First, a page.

The 2018 Environmental Association for Universities and Colleges (EAUC) annual conference was held last week at Keele University, and the Carbon Credentials team was in attendance for the fifth year in a row!
The conference this year was as good as ever and the whole team all agreed how much we enjoyed the inspirational speakers, the practical tips and the inevitable ceilidh band. While I don’t think that my dancing has improved since last year, it was refreshing to hear the developments and progress being made from across the sector.
Specifically, it was exciting to see the steps that delegates have taken to understand and integrate the Sustainable Development Goals since last year (as illustrated below). This improvement was no doubt helped by the launch of the SDG Accord in September 2017.
Over two days I had conversations on all sorts of issues, but there were three key topics that I found most delegates were keen to explore:
1. Setting longer-term targets in line with climate science
Following Richard’s plenary session, where he explored what a science-based carbon reduction trajectory could look like under a 2°C or a 1.5°C warming scenario, this was a subject we kept coming back to during the conference.
As discussed in more detail in a previous blog, my view is setting carbon reduction targets in line with the Paris Agreement should be a no-brainer for all higher education institutions. If we consider that the UK university sector has its own carbon budget to keep global temperature increase below 2°C and pursue efforts for 1.5°C, then it’s important that each individual university understands what its fair share of this budget is.
If they don’t then it could be considered that they’re rejecting the climate science or not pulling their weight. It also signals an expectation that other institutions will have to do more than their fair share.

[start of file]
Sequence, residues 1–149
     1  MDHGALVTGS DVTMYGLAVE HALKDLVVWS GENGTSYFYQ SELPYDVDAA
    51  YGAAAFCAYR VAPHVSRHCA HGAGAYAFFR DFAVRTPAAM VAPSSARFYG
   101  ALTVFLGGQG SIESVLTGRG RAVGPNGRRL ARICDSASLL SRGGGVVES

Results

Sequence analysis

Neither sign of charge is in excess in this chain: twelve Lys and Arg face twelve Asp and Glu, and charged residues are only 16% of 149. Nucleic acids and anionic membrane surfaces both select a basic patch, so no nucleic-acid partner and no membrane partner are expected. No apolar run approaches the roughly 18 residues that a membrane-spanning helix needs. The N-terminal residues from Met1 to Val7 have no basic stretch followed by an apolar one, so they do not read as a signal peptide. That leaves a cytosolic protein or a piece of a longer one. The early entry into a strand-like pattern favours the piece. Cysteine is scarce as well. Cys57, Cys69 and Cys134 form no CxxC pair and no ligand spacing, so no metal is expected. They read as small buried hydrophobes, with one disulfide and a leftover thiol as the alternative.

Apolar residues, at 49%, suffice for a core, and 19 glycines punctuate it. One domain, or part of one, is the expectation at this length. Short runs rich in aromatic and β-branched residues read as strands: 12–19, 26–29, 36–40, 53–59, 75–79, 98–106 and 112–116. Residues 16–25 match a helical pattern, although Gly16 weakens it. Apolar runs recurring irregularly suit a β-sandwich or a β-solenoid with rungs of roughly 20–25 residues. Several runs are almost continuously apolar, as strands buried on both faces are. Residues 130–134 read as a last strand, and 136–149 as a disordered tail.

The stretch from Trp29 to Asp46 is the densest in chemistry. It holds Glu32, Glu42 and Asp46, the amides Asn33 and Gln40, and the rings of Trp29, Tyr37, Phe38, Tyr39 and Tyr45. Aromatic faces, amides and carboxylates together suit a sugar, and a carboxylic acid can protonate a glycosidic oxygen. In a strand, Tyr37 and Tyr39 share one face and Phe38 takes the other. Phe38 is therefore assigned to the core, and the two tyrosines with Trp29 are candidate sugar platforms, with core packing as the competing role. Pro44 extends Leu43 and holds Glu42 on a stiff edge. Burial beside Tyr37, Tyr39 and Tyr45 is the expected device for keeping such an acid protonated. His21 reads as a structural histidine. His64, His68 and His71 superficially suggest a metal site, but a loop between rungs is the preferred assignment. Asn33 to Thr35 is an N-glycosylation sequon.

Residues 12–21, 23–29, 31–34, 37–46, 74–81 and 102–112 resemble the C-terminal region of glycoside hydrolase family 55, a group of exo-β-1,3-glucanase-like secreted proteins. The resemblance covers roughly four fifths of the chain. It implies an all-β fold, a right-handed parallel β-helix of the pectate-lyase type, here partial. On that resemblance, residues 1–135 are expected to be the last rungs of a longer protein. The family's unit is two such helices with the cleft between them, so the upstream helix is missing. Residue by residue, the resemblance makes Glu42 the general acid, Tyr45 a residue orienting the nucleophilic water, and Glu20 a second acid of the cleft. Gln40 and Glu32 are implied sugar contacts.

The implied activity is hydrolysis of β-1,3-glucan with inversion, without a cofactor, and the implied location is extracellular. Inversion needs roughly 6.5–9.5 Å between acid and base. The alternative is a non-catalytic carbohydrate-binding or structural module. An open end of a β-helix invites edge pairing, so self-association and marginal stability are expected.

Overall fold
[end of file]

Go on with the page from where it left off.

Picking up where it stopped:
2. Smart buildings and data-driven optimisation
Smart buildings are by no means a new thing, but the high availability and the low cost of technologies to make them a reality is.
In recent years the cost of data storage has significantly decreased, there is a greater availability of connected devices, and the ability of machines and analytics tools to make sense of this data has significantly improved. Delegates and exhibitors kept coming back to the opportunity to use data and technology to raise awareness, enhance understanding and improve control.
Greater granularity of data allows us to provide insight to a wider variety of audiences that can act. Analysis can be enriched with context and clarity, as well as providing evidence of success.
And it doesn’t stop there! Fortunately, modernity is catching up with the BMS world. Not only are newer systems increasingly flexible and easier to communicate with, but hardware now exists that can integrate older systems into modern data networks for analysis. The opportunities that access to this data represents is like a digital gold rush, with those able to make the best use of the data gaining the biggest rewards.
3. Desire to finally get to grips with Scope 3 emissions
We often get asked why Scope 3 emissions should be a focus for institutions and always offer a simple answer: by leading on the carbon management agenda that transcends your estate, institutions can widen their influence and demonstrate their global position in higher education.
In a sector that is being increasingly led by students, taking the lead on sustainability and overcoming commonly shared limitations can make all the difference.
Scope 3 emissions arise upstream and downstream of an organisation as a result of operations not directly controlled by it. A UK university should expect that its Scope 3 emissions will be at least 50% of its total emissions. Getting a better understanding of Scope 3 emissions and setting achievable targets will enhance your positive impact and give further opportunities to engage with your value chain.
Thanks to all our Higher Education clients, the EAUC and Keele University for an enjoyable couple of days. We look forward to working with you over the coming year to enable a global low-carbon economy.